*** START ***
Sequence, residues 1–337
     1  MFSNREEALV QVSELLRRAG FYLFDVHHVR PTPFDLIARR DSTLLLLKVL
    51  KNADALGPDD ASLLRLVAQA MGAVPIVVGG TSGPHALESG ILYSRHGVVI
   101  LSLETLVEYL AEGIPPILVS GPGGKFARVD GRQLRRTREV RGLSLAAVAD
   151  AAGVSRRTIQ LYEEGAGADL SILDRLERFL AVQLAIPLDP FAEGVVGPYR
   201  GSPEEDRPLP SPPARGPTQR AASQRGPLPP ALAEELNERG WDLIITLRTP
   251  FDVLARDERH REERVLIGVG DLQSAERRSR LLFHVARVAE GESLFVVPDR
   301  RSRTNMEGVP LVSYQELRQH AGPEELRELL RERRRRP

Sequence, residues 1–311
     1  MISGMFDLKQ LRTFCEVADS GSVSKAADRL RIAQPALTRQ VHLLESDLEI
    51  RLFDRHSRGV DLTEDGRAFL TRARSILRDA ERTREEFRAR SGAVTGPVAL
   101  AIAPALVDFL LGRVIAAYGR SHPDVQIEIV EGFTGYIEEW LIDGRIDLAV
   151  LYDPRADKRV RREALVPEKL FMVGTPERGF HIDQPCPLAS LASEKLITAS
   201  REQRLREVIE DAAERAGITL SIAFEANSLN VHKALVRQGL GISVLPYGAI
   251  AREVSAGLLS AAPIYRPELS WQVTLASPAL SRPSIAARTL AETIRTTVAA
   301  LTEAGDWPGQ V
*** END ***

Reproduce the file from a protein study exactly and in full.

Sequence, residues 1–337
     1  MFSNREEALV QVSELLRRAG FYLFDVHHVR PTPFDLIARR DSTLLLLKVL
    51  KNADALGPDD ASLLRLVAQA MGAVPIVVGG TSGPHALESG ILYSRHGVVI
   101  LSLETLVEYL AEGIPPILVS GPGGKFARVD GRQLRRTREV RGLSLAAVAD
   151  AAGVSRRTIQ LYEEGAGADL SILDRLERFL AVQLAIPLDP FAEGVVGPYR
   201  GSPEEDRPLP SPPARGPTQR AASQRGPLPP ALAEELNERG WDLIITLRTP
   251  FDVLARDERH REERVLIGVG DLQSAERRSR LLFHVARVAE GESLFVVPDR
   301  RSRTNMEGVP LVSYQELRQH AGPEELRELL RERRRRP

Sequence, residues 1–311
     1  MISGMFDLKQ LRTFCEVADS GSVSKAADRL RIAQPALTRQ VHLLESDLEI
    51  RLFDRHSRGV DLTEDGRAFL TRARSILRDA ERTREEFRAR SGAVTGPVAL
   101  AIAPALVDFL LGRVIAAYGR SHPDVQIEIV EGFTGYIEEW LIDGRIDLAV
   151  LYDPRADKRV RREALVPEKL FMVGTPERGF HIDQPCPLAS LASEKLITAS
   201  REQRLREVIE DAAERAGITL SIAFEANSLN VHKALVRQGL GISVLPYGAI
   251  AREVSAGLLS AAPIYRPELS WQVTLASPAL SRPSIAARTL AETIRTTVAA
   301  LTEAGDWPGQ V